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News: UK
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Roman pottery unearthed from between Outstrays and Skeffling during the archaeological research. Photo Credit: Environment Agency/IB Times.
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by Archaeology Newsroom

Evidence of long lost coastal settlements found in Yorkshire

From the Roman and medieval period

Evidence of Roman and medieval lost coastal settlements has been found in east Yorkshire, UK. The sites were abandoned hundreds to thousands of years ago due to coastal erosion and sea level rise. But now archaeologists have discovered pottery fragments, animal bones and charred organic matter and other traces of human activity in the area.

The sites are known to scientists from historical records, but this is the first time traces have been discovered about where exactly and why they were founded.

The area has been under investigation by the Environmental Agency, as a potential site for regeneration of the area’s saltmarsh habitats, to compensate for future coastal development and loss of inter-tidal land in the region. Along with York Archaeological Trust and Historic England the Agency has been researching the area’s historical significance, a project that included archaeological excavations. From evidence they retrieved, researchers found that there were two main periods of human activity and occupation of the land. They have found remains of prehistoric Iron Age and Roman settlements, as well as from the medieval period.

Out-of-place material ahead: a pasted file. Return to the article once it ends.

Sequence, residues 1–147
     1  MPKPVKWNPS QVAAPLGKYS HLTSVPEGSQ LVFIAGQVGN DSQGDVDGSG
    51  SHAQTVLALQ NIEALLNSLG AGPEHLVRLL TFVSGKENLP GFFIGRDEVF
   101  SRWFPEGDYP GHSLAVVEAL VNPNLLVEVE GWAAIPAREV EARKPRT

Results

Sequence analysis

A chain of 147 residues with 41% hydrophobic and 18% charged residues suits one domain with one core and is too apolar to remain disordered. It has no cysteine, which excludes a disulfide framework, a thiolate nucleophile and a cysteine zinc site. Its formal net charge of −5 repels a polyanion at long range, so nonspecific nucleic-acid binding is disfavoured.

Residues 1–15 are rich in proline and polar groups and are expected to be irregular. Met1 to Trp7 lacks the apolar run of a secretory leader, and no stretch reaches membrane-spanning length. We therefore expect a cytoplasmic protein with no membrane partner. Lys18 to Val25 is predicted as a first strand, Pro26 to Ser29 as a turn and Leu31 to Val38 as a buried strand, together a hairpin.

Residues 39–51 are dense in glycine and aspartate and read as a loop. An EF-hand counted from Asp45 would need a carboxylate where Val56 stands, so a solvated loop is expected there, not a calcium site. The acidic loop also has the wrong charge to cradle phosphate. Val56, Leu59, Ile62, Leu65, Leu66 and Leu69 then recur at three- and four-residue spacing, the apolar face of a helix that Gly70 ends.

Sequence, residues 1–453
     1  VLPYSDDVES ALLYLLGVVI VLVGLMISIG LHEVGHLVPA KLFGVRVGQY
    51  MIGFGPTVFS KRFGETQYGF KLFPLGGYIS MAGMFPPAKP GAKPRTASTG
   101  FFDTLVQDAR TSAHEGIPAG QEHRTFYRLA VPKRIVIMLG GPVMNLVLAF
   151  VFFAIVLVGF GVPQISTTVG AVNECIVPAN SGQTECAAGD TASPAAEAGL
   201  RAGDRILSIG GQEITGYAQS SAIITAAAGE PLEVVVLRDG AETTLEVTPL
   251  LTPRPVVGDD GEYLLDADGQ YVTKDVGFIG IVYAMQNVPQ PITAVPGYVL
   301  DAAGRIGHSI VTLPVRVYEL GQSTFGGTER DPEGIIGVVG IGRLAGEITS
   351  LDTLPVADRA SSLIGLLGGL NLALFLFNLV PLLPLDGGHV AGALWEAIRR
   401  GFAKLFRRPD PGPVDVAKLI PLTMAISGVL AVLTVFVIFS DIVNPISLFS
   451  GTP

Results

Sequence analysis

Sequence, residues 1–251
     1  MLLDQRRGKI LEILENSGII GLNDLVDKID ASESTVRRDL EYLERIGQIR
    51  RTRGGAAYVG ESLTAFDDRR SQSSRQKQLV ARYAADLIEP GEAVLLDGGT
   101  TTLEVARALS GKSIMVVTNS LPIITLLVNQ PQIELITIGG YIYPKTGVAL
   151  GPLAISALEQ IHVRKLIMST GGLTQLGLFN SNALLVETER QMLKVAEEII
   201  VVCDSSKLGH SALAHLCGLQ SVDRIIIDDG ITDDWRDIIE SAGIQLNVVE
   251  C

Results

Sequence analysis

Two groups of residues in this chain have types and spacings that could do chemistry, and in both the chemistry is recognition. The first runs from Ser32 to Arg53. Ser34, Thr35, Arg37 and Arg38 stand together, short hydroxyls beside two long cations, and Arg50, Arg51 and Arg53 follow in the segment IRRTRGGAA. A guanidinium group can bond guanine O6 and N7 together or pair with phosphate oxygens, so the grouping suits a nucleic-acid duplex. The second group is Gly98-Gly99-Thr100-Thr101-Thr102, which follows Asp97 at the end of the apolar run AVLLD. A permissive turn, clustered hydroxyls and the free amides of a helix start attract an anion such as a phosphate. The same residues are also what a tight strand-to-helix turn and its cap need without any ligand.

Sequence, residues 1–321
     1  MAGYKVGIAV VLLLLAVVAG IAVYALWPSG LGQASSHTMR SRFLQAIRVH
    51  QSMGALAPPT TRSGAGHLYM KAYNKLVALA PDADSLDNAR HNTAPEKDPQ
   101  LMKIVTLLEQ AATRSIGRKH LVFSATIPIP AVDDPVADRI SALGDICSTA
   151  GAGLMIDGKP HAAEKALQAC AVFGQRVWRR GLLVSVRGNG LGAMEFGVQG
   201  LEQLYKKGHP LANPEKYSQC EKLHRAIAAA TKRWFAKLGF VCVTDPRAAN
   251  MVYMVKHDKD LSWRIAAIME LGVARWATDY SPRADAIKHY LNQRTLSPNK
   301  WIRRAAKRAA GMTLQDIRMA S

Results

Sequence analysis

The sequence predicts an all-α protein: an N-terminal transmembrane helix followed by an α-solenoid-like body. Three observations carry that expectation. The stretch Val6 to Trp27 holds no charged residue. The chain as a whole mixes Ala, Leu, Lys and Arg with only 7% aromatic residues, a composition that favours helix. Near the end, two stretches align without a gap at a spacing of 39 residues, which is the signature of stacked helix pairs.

In Pensthorpe, one of the sites, they found large quantities of pottery and traces of buildings. To the south of Skeffling they found a Benedictine priory. A Roman settlement was also found in the area, the most developed one discovered so far. It seems that people in the area would retreat to higher ground when sea levels rose and move towards lower lands when those were habitable to exploit the resources there.

The scenery of the area was very different in the past and changed several times over time. For instance, at the end of the last ice age, about 12,000 years ago, sea levels were much lower, as ocean water was locked up in ice. This means that more land was available for settling and farming. It would even have been possible to walk from Humber to Denmark. Researchers hope that further investigation will yield evidence on the nature of the land dating to the Mesolithic period. So far they have found potential beaches about 5,000-7,000 years old and evidence on the evolution of the landscape since then.

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